Diagnosis and Treatment of Acute Peritonitis in Douala (Cameroon)
Author(s): Jean Paul Engbang, Basile Essola, Reine Motah Koundo, Ambroise Ntama, Matthieu Motah, Marcelin Ngowe Ngowe.
Introduction: Acute peritonitis defined as inflammation or infection of the peritoneal serosa. Most often found in young male adults. The diagnosis is clinical and paraclinical. The management consists of medical resuscitation and the surgery itself. Our study aimed to study the epidemiological, diagnostic and therapeutic aspects in five hospitals in the city of Douala.
Patients and methods: A descriptive study was conducted from January 2015 to May 2020, including patients of all ages and both sexes who presented with acute peritonitis in any clinical form, and who underwent surgery within one of our hospitals We collected patients’ parameters through a survey, from complete history to clinical examination, then followed them up from surgery to post-operative period. Gathered information was analyzed by stata15 (Statistical and Data).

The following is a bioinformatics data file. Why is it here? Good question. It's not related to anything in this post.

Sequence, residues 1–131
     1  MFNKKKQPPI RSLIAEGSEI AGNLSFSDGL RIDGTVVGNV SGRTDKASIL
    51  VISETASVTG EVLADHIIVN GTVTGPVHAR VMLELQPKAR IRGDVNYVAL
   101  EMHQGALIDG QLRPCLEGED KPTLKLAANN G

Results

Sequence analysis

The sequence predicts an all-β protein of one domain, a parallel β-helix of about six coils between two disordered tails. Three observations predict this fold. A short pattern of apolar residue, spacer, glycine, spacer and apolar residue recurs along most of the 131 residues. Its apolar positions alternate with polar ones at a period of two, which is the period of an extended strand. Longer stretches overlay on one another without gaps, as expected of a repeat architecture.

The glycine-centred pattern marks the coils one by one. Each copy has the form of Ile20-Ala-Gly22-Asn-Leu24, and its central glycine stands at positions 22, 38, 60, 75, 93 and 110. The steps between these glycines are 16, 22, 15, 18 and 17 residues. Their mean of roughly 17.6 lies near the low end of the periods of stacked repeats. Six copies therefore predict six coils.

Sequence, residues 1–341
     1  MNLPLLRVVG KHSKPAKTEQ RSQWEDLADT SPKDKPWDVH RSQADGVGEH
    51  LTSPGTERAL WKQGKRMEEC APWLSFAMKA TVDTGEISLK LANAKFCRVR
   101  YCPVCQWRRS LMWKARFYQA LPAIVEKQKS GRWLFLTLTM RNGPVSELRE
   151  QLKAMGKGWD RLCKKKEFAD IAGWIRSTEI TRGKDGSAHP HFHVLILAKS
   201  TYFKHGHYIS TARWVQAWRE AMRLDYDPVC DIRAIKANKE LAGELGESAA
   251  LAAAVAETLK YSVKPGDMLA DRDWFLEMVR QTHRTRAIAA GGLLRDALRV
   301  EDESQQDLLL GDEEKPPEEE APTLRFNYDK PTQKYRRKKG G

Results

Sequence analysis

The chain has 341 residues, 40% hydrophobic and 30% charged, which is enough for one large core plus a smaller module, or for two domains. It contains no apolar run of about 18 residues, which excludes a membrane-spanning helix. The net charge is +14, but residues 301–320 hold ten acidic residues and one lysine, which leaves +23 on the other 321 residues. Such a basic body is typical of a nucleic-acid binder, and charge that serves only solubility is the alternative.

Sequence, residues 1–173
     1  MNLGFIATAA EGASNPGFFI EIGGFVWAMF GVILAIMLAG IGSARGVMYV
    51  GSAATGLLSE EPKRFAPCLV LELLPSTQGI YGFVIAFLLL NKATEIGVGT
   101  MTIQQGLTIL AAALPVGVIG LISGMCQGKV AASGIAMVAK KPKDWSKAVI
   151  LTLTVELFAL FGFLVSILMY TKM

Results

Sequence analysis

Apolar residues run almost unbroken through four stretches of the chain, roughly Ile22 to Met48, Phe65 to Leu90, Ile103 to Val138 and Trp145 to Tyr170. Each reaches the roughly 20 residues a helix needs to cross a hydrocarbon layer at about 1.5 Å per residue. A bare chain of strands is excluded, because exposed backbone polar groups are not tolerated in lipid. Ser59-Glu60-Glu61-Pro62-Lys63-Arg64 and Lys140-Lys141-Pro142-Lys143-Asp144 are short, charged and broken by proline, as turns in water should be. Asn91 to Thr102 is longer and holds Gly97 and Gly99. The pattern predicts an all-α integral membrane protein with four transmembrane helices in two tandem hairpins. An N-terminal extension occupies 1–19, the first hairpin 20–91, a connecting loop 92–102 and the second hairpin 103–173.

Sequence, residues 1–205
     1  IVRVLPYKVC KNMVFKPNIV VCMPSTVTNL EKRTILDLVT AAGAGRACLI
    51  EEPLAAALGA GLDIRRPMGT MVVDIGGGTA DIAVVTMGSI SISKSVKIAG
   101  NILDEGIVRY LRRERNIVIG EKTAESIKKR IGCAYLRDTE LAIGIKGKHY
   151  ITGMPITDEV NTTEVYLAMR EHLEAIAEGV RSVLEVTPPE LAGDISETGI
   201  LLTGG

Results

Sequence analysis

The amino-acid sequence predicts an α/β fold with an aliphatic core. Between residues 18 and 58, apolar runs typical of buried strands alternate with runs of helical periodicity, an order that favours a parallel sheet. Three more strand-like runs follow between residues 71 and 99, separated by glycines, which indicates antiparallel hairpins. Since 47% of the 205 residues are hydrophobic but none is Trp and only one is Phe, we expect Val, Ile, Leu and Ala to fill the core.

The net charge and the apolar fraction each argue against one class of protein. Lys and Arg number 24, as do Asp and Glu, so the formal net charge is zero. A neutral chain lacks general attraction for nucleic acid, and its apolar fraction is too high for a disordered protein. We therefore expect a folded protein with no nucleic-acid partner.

Results: At the end of our study 400 patients were included for acute peritonitis, among 35 in prospective and 365 in retrospective. Acute peritonitis represented the second digestive surgical emergency with 28% of all surgical emergencies. Our target population included 76% (n = 304) of men against 24% (n = 96) of women, observing a sex-ratio of 3.16. The mean age of the patients was 37 ± 13 years, with extreme values of 17years and 70 years. Etiologically, leading pathologies were digestive peritonitis (77%, 308 cases), genital peritonitis (10%), Post operatory peritonitis (8.25%) and post traumatic peritonitis obstruction (4, 75%). Most patients underwent surgery within 3-4 hours, and were routinely given intravenous fluids (normal saline, lactated ringers, dextrose), analgesia, and antibiotics before and after surgery. Laparotomy was the primary method used, and laparoscopy (3%) was dedicated to appendicular perforated peritonitis.
Conclusion: Acute peritonitis represents the second most frequent visceral surgical emer